Ozone is a form of oxygen which has both harmful and beneficial qualities. While each molecule of the normal oxygen we breathe is composed of two oxygen atoms, each ozone molecule has three.
At ground level, ozone is considered a pollutant, formed in urban areas by reactions of volatile organic compounds (hydrocarbons) and oxides of nitrogen (NOx). It is highly reactive and harmful to humans, animals, and plants. Because of its high reactivity and ability to harm microscopic organisms, ozone is used in some parts of the world to purify water.
Ozone protects the lower atmosphere and Earth's surface by absorbing ultraviolet radiation in the stratosphere. Understandably, we are concerned with the decreases in stratospheric ozone concentrations.
Antarctic Ozone Concentrations
Ozone is a very rare gas with very small concentrations. In fact, if all the ozone present in the stratosphere were brought to Earth's surface at standard temperature and pressure (°C and 1 atm), it would comprise a layer less than 3 mm thick.
Both human causes and natural events can influence the balance between the production and destruction of ozone. Since uv radiation is responsible for the production of ozone, there is a cycle of ozone amounts related to solar output. Manmade chemicals capable of reacting with ozone and volcanic eruptions work to upset the balance in ozone production and destruction.
Manmade chemicals that have been implicated in ozone depletion include chlorofluorocarbons (CFCs). These compounds tend to be very stable near Earth's surface and mix uniformly into the high atmosphere, but in the stratosphere, they are unstable. One CFC, CFC4, has been found to be uniformly mixed from 10 to 50 km, with mixing ratios that varied only over the small range of 0.056 to 0.060 ppbv.
Strictly speaking, definition of a CFC is a compound containing carbon, fluorine, and chlorine atoms. Sometimes a broader definition is applied and hydrochlorofluorocarbons, such as CHClF2 are included (here, a hydrogen atom is found in place of a chlorine or fluorine would normally be found). Many different CFCs exist. The simplest contain one carbon atom in combination with a total of four chlorine and fluorine atoms.
The process by which CFCs destroy ozone involves the action of uv radiation on a CFC molecule. These molecules are highly unreactive near Earth. For this reason, they were considered to be very safe. High in the stratosphere, however, they are essentially destroyed by uv radiation which releases a chlorine atom.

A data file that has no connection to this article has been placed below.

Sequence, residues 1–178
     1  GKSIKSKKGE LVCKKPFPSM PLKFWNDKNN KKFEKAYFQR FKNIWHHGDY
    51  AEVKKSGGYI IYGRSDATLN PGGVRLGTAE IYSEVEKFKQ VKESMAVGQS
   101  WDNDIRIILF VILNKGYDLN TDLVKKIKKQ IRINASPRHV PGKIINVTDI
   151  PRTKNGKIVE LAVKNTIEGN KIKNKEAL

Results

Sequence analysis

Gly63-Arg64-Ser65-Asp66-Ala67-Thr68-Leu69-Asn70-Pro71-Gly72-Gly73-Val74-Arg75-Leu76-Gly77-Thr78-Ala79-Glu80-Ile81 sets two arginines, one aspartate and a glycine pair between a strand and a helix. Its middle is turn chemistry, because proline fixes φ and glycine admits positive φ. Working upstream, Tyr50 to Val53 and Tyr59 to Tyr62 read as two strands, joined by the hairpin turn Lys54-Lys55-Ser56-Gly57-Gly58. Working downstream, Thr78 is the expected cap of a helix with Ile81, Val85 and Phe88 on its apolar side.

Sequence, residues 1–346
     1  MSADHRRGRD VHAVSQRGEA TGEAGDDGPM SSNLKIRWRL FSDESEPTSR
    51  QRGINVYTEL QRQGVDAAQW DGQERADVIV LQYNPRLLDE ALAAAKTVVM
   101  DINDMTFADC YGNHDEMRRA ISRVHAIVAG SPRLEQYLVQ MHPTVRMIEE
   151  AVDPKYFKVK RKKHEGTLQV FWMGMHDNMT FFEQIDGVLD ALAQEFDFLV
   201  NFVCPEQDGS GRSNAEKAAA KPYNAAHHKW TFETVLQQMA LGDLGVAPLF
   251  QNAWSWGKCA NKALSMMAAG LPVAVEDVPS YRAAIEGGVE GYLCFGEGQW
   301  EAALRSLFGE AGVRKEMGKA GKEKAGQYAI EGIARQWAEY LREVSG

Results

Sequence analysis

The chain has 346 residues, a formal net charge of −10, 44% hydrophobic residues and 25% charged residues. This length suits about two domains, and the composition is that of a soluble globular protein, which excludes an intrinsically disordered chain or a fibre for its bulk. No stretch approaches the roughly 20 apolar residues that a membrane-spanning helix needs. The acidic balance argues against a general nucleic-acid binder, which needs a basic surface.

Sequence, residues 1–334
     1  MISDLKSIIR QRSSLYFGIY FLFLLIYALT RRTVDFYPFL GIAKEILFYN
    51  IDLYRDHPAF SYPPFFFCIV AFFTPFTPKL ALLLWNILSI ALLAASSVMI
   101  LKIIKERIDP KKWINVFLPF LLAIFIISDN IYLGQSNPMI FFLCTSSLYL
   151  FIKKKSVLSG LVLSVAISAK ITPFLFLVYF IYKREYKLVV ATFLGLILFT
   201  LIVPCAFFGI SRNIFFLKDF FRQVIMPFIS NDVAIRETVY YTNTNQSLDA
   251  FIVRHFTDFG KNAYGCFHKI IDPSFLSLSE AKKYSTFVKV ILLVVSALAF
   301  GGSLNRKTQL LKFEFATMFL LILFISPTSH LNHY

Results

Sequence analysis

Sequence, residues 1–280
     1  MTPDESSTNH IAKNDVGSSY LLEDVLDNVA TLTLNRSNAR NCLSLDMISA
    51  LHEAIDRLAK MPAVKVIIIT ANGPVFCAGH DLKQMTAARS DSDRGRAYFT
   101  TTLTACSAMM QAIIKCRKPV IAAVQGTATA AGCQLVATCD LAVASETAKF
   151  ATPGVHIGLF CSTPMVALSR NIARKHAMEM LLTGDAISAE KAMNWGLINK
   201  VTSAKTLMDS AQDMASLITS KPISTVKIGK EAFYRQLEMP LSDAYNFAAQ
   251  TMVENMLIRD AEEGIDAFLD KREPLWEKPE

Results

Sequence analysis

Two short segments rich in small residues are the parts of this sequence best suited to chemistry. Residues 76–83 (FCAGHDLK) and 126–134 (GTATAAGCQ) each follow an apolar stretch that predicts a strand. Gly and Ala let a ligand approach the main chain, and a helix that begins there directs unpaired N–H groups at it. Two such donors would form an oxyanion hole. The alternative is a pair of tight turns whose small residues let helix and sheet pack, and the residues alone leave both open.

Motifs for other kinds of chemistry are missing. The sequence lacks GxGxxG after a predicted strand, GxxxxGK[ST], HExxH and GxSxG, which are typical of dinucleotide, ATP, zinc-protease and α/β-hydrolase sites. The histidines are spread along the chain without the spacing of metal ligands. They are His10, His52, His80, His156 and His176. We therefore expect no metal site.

Let's see what happens to CFCl3, a refrigerant, with the designations, CFC-11 and R-11: CFCl3 + hu --> CFCl2 + Cl. (hu represents a packet of electromagnetic energy, h is a fixed number called Planck's constant, while u represents frequency of the radiation.) The released chlorine atom is now free to react with an ozone molecule: Cl + O3 --> ClO + O2, destroying the ozone molecule. The chlorine monoxide (ClO) that has just formed then reacts with monatomic oxygen: ClO + O --> O2 + Cl. The chlorine atom is now free again and is capable of destroying another ozone molecule. This very efficient process can repeat up to 100,000 times. So, in effect, one chlorine atom has the capability of destroying up to 100,000 ozone molecules.
Halons used to extinguish fire are placed in another class of ozone-destroying chemicals. Because they contain bromine, they are three to ten times more dangerous than CFCs in ozone destruction potential. Halons include CF2BrCl, CF3Br, and C2F4Br2. Hydrochlorofluorocarbons, such as CHFCl2 and CH2FCl, which have a hydrogen atom in place of one or two of the halogens are only about 10% as harmful as CFCs and were considered as interim substitutes. However, one reason they are less harmful is that they are more unstable than CFCs and often enter into reactions in the troposphere. This can shorten their lifetimes and the lifetimes of the equipment and fluids with which they interact. Hydrofluorocarbons are ozone-friendly because fluorine forms stable compounds in the stratosphere. However, they have the potential to contribute to global warming. (CFC replacements)
Many other substances involved in ozone depletion have both natural and manmade sources. Methyl chloride (CH3Cl) and methyl bromide (CH3Br) are examples of such compounds. The oceans and biomass burning are sources of these compounds. Methyl bromide is particularly destructive and is used as a pesticide, where it is injected into soil to kill pests. Unfortunately, 50% to 90% escapes into the atmosphere and is fifty times more effective in destroying ozone than is chlorine from CFCs. Oxides of nitrogen also have both natural and manmade sources.
In the Arctic, these processes at work with solar illumination help reduce ozone concentrations from 550 to 380 Dobson units between the spring and fall equinoxes.
Another natural source of ozone depletion
is the sulfate aerosols that come from volcanic eruptions. Evidence indicates that sulfate
aerosols, such as sulfuric acid (H2SO4), activate otherwise inactive chlorine
compounds so that they become effective in destroying ozone on the very cold polar
stratospheric clouds. Photo:
Courtesy of Micheal Dolan
[ Atmospheric Physics ] [ Atmospheric Chemistry: CFC
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